As the appliance industry continues to hunt for thinner sheet metal, engineers are faced with new fastening challenges. Fasteners that are effective on older, thicker sheets often don’t work well with thinner materials. Several new products have been developed to address that challenge, such as Fastite 2000 from Research Engineering & Manufacturing Inc. (REMINC) and SHEETtracs from EJOT GmbH & Co.
“Thicker sheets allow for more length of engagement of threads engaged in the material,” notes Tripp. “That results in more shear area, which supports higher strip-out torque values of the sheet and higher pull outs.”
“As material thicknesses decrease, fastening can become more problematic,” warns Tripp. “Thinner materials are more difficult to predict the performance of the fastener on a consistent basis.
“The most common challenge is stripping of the sheet metal prior to reaching safe tightening torque due to poor drive-to-failure ratio, the difference between thread forming torque and strip out,” Tripp points out. “Type AB sheet metal screws have marginal D-F performance that only gets worse as the sheet metal gets thinner.”
“Most sheet metal assemblies are positional situations in appliance applications,” notes Ken Gomes, vice president of engineering and product development at REMINC. “The screw is not required to create a high clamp force. The main function of the screw is to hold the components in place. The least expensive way of doing this is often to use a thread-forming screw in a prepunched hole in both pieces of the sheet metal being assembled.”
The goal when assembling sheet metal is to form an internal thread, tighten the screw without applying too much torque, and avoid stripping the thread. As a screw is tightened, friction under the bearing surface and friction in the thread is what resists stripping the sheet metal.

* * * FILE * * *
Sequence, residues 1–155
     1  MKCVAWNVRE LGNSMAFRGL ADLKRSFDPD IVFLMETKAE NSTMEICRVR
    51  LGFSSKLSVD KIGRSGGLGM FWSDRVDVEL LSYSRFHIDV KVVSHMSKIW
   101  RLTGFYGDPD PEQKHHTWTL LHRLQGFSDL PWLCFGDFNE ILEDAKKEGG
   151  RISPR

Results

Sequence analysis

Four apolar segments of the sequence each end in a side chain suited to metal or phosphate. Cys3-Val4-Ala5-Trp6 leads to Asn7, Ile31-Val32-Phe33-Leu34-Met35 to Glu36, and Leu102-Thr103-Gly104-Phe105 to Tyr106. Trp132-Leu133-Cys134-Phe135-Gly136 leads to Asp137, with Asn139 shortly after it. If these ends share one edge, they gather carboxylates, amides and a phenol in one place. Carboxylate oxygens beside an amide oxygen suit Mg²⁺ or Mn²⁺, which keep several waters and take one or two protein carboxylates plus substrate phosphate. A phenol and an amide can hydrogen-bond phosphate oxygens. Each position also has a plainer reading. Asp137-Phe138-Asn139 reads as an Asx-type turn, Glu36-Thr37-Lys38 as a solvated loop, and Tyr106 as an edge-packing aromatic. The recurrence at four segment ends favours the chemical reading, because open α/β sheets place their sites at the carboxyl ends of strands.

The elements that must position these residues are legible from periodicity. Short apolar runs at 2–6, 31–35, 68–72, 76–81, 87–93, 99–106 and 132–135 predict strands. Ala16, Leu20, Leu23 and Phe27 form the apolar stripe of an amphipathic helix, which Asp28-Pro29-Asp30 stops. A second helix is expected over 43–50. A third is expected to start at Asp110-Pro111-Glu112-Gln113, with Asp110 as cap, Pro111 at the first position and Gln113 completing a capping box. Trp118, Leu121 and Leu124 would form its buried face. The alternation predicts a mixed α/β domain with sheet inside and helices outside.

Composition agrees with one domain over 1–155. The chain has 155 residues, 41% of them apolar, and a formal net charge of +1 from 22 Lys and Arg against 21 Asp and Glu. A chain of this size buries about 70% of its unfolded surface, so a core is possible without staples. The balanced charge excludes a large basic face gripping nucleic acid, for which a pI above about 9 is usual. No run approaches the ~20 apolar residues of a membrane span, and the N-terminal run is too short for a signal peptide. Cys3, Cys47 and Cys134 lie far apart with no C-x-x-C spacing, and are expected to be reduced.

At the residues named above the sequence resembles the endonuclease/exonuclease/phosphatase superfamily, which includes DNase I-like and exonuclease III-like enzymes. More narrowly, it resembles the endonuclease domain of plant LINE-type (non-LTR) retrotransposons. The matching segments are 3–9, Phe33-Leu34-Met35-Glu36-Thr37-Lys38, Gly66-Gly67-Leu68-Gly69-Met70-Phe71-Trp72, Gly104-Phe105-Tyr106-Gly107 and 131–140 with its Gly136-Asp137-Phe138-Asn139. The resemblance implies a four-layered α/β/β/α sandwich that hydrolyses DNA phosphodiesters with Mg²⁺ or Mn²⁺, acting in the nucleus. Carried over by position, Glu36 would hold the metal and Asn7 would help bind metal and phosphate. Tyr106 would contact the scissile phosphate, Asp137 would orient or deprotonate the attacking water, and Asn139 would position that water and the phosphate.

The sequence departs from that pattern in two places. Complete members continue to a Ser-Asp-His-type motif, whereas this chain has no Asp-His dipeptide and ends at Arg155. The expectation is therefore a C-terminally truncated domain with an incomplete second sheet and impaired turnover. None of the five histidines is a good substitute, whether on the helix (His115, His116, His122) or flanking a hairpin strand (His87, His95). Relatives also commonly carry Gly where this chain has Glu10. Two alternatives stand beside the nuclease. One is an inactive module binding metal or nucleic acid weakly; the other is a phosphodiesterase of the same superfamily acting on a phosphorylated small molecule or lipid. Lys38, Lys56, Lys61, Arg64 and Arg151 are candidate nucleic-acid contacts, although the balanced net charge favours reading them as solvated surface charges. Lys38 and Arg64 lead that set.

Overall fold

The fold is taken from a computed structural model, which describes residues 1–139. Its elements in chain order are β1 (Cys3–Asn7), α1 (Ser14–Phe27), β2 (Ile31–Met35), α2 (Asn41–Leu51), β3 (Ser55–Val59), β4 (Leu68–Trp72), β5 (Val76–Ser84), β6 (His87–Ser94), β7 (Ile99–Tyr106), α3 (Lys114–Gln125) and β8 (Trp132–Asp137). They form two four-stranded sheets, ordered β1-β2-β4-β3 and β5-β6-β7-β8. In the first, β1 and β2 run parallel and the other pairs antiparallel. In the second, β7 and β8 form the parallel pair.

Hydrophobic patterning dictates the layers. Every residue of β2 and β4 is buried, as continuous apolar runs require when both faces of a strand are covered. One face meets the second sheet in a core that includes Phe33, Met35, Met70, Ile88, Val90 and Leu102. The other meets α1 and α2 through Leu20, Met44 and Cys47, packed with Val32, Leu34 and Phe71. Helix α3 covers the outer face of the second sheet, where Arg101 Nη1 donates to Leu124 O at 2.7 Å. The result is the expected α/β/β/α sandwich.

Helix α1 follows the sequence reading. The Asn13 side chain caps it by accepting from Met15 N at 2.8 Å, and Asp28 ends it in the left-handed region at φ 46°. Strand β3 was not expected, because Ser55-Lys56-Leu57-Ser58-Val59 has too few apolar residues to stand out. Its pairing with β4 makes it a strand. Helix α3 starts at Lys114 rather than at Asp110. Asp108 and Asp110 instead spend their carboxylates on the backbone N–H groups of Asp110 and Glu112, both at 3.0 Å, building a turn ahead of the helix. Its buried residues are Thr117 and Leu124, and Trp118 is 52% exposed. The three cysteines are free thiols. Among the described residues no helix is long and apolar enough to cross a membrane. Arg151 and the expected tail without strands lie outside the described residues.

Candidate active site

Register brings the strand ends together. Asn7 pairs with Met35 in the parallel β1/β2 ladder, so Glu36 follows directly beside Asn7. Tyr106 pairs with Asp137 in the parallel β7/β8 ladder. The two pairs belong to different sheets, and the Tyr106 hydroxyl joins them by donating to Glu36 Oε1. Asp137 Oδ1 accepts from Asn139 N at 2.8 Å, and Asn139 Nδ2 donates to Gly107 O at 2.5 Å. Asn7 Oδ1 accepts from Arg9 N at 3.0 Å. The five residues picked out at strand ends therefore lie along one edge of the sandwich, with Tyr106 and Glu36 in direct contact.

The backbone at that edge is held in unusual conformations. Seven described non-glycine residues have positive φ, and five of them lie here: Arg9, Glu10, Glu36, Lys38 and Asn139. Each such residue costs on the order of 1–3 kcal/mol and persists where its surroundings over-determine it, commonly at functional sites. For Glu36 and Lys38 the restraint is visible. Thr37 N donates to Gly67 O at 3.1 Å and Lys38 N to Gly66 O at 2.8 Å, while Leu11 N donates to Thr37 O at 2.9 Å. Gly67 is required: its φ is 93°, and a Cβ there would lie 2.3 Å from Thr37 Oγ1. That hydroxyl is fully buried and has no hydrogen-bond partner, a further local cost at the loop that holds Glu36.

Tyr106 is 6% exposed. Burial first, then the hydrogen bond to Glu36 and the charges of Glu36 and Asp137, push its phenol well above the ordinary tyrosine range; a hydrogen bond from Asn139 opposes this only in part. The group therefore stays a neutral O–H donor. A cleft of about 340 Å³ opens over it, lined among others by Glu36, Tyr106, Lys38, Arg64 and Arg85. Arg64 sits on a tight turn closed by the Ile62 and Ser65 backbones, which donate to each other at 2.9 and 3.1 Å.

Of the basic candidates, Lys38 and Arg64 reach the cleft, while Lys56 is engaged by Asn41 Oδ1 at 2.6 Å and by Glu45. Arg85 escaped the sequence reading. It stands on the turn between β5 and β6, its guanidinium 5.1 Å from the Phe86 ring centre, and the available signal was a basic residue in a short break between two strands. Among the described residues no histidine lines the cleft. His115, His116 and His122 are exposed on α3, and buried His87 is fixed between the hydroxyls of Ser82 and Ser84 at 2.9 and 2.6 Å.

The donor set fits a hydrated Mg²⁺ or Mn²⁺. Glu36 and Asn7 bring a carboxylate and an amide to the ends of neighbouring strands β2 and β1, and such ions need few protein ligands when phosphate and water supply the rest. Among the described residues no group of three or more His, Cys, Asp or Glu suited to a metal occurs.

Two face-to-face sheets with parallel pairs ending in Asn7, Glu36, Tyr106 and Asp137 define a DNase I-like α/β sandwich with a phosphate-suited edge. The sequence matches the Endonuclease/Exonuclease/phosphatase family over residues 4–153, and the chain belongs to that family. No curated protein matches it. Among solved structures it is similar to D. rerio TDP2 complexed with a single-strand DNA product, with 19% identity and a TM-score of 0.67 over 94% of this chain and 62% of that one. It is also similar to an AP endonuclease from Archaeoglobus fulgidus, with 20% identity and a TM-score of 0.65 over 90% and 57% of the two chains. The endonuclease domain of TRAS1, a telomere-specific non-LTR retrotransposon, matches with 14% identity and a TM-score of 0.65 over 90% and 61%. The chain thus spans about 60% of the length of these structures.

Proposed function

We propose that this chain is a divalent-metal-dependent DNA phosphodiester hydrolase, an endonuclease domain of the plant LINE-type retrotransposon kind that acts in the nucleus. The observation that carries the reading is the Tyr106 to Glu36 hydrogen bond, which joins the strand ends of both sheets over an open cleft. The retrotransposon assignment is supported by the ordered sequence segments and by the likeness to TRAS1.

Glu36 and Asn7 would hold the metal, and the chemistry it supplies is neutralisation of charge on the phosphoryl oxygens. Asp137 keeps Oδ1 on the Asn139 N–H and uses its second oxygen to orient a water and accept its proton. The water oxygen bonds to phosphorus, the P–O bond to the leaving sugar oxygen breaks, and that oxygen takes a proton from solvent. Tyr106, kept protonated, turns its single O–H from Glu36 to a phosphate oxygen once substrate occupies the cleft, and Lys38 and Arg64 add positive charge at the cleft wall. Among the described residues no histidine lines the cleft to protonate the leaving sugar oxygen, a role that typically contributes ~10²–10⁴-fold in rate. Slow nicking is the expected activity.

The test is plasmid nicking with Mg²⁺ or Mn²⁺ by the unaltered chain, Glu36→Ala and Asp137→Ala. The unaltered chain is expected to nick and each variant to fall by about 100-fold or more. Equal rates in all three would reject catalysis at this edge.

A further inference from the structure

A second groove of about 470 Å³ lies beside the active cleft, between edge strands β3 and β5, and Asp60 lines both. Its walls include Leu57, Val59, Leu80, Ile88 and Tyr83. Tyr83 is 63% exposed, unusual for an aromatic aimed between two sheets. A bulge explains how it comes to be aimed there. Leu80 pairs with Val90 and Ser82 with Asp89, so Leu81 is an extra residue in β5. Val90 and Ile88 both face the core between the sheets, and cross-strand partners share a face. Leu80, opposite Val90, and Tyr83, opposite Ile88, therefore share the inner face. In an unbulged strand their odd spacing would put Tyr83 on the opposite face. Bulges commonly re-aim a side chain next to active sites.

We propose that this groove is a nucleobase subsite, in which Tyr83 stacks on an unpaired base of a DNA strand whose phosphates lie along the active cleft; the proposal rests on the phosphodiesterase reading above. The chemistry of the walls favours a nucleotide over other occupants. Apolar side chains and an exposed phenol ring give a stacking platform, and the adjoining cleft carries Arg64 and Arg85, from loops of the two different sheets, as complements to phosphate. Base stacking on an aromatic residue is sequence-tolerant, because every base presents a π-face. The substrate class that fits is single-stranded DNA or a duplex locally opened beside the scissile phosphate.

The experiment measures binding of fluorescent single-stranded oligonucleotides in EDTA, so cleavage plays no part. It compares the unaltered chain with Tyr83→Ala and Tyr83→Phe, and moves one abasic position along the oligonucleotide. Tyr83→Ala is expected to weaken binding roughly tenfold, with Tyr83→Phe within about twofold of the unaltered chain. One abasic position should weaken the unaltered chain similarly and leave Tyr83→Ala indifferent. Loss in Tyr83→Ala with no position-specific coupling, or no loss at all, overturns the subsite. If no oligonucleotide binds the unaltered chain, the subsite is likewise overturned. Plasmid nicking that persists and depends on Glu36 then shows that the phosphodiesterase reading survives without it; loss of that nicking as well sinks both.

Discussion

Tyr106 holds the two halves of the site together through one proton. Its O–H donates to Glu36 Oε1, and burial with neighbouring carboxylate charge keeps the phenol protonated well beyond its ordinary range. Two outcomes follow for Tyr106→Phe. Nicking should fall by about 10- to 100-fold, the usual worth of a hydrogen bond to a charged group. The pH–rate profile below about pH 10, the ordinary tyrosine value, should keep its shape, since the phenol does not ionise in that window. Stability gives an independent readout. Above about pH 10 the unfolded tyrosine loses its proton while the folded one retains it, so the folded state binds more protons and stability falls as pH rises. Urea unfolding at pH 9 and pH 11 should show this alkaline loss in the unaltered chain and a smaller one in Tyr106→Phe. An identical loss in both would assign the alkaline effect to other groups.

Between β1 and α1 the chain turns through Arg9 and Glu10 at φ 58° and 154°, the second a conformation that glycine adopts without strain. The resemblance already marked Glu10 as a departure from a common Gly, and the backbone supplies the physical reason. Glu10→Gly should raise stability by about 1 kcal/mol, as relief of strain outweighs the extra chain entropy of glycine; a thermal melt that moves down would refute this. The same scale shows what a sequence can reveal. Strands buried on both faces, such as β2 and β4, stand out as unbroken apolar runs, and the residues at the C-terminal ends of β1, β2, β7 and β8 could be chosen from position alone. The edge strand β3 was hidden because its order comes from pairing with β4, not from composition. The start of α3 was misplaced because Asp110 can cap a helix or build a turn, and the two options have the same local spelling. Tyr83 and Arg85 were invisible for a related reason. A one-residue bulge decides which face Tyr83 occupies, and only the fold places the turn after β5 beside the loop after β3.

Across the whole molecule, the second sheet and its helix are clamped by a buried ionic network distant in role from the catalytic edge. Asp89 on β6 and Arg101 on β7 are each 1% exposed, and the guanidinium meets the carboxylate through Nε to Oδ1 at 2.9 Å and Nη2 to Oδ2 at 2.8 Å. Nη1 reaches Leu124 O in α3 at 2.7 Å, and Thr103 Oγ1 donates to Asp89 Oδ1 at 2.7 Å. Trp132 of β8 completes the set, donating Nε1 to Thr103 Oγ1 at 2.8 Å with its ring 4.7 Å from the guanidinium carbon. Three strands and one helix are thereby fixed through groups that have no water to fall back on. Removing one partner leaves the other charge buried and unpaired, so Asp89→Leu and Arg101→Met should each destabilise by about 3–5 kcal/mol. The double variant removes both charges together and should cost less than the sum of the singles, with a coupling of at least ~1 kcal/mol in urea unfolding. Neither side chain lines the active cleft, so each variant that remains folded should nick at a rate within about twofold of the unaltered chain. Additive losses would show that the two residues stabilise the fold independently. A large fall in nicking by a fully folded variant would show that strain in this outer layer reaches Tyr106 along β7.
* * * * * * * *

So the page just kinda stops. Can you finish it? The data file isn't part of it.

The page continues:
“In an older [appliance] application, let’s say the sheet metal is 2millimeters thick, made form soft steel,” says Gomes. “This provides a certain level of torque to resist stripping the internal thread in the sheet metal.
“In a newer application, the sheet metal could be a high-strength alloy steel, which is stronger, but much thinner, so the resistance to the applied torque is less,” explains Gomes. “So, there is a greater chance of stripping the sheet metal. When you strip the sheet metal, the screw does not apply enough clamp force to keep the sheet metal components in place. Old assembly tools may not have the control capability to apply such a low level of seating torque to provide reliability for each assembly.”
One way to improve the situation is to use a fastener like the Fastite 2000 screw, which forms threads differently than a standard AB thread forming screw. It uses a small pilot hole that causes the sheet metal to extrude, forming more thread engagement, and more resistance to stripping the sheet metal. Since the Fastite 2000 screw requires more torque to strip the sheet metal, the driver has a larger torque window to use for tightening, resulting in less stripped assemblies.
“Creating a high clamp load is usually not a major concern,” claims Gomes. “In those situations where a high clamp load is important for a sheet metal application, a pierce nut or weld nut is attached to the sheet metal. These nuts are substantially thicker than the sheet metal, providing more resistance to stripping and more capability to apply a high seating torque, creating a high clamp load.